5 Consumer Trends Shaping Candidate Experience
“We should be treating candidates like they’re consumers.” Lots of recruiters are taking on this mentality, and it’s almost the right approach to talent acquisition—almost right because candidates aren’t like consumers, candidates are consumers. When they’re not searching for jobs, they’re online shopping, tweeting, googling, Uber-ing. They’re using the best technology in the history of technology to support and improve their lives.
Why should candidate experience be devoid of that quality?
The best companies in the world are striving to create consumer-quality candidate experiences, because they understand attracting and converting the best job seekers means leaving as little difference between consumer and candidate experiences as possible. It wasn’t always the case that these two categories of experiences went hand in hand, but the prevalence of the internet in our everyday lives has changed everything.
In this post, we’ll inspect what delivering a consumer-quality candidate experience actually means, first by looking into the macro changes in the way consumers use technology to connect with one another, shop, discover new things, and so on. And then by exploring what this all means for your talent acquisition strategy.
Drivers Behind the Consumer-Quality Candidate Experience
To really understand what a consumer-quality candidate experience looks and feels like, we need to inspect the trends that have driven consumer experiences in general over the past decade or so. We’ve come up with five main ones:
- Google-First Mentality: In many respects, Google has evolved from a search engine into a tool for answering any question at any time, connecting users with the information they want in what they refer to as micro-moments. The impact on TA: It’s become instinctual to pull up Google at the start of any research process—especially the job search process. A study from CareerBuilder showed that 73% of job seekers now start their search on Google.
- Mobile Everything: About ten years ago, having a cellphone in general was becoming commonplace. Now, the world is shifting toward smartphones capable of completing the tasks of desktop computers—to the point that some people are choosing to have only a smartphone instead of a desktop computer or both. The impact on TA: A survey of over 1,000 job seekers last year showed eight in ten conducted part of their search from a mobile phone.
- Yelpification: There may be as many choices available to consumers (and job seekers) than in the past, but because of both Google and “Yelpification”—user-generated reviews for everything—people are less willing to make a decision without first doing some form of research. The impact on TA: Mirroring that process, job seekers now look to employer review sites like Glassdoor to guide their decisions over where to apply.
- Content Overload: The rise of digital marketing has meant that to be competitive, nearly every company has to create their own content. This has resulted in an overbearing amount of content of varying quality for many people, and job seekers have been no exception. The impact on TA: In many cases, job seekers would rather opt-in to receive some form of targeted (or personalized) content or seek out their own rather than it being pushed onto them via advertising or other means.
- Social Connectivity: Billions of people have taken to social networks to connect with one another and stay up-to-date at both micro and macro levels. The impact on TA: At the same time, this has revolutionized the way people learn about, talk about, find, and get referred for new positions.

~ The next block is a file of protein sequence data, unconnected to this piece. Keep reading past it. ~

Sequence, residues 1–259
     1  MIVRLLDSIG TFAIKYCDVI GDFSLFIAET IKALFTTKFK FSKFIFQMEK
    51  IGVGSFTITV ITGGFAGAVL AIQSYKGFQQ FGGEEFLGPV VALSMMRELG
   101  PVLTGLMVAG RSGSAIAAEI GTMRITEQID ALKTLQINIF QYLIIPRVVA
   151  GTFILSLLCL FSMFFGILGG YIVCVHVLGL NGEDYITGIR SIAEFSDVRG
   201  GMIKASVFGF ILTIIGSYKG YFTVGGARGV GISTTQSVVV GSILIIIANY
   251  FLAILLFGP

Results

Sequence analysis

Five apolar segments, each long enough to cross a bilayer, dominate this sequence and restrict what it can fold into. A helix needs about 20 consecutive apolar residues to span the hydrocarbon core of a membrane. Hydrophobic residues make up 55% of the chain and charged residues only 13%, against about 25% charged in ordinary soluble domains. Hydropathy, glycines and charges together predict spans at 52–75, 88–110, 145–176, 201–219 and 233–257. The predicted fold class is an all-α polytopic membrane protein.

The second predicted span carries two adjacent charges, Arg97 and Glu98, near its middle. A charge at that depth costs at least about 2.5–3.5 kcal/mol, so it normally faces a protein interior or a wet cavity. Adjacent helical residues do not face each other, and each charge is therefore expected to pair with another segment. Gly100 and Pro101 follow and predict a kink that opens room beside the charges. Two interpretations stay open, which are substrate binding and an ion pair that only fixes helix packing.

After reading through that list, think about your candidate experience through the lens of consumers—a.k.a. job seekers. Can they find your career site on Google easily? Can they learn about your company and apply from mobile? Is your employer brand strong enough to boast a high rating on Glassdoor? Are you delivering content job seekers want to see? Is it worth it for them to find and engage with your employer brand on social?
Reverse Engineering the End Goal of Candidate Conversions
When it comes to improving performance, one approach experts tend to suggest is looking beyond high-level metrics, and working to individually optimize the variables or leading indicators that go into them.
In the case of candidate experience, the high-level, or lagging indicator, would be candidate conversions. But what about all of the leading indicators that play a role in that candidate conversion rate? Based on the macro trends discussed above, clearly the makeup of these indicators has changed. To illustrate these changes, we can take a look our graphic below, which shows the evolution of career site entry points—and consequently apply flows—over time.
The point of showing this illustration is that the pervasiveness of today’s technology, coupled with how it’s used has added layers of complexity to both the job search and recruiting process that can’t be ignored. It’s through these factors which now impact the candidate conversion rate that the idea of a consumer-quality candidate experience was born. Think of the candidate journey as a modified form of the consumer journey.
Although these macro trends may be shaping the new candidate journey, few companies are getting it right. In fact, there’s a massive opportunity right now to start working to improve each of these variables individually, because before you know it, your outdated, digitally un-savvy recruiting strategy could be the biggest roadblock to getting talent in the door.
Candidates are consumers, and providing them with a consumer-quality experience will go a long way when few others are. Read our new eBook, “The Talent Acquisition Leader’s Guide to the New Candidate Journey” to learn more about this topic and what to do about it.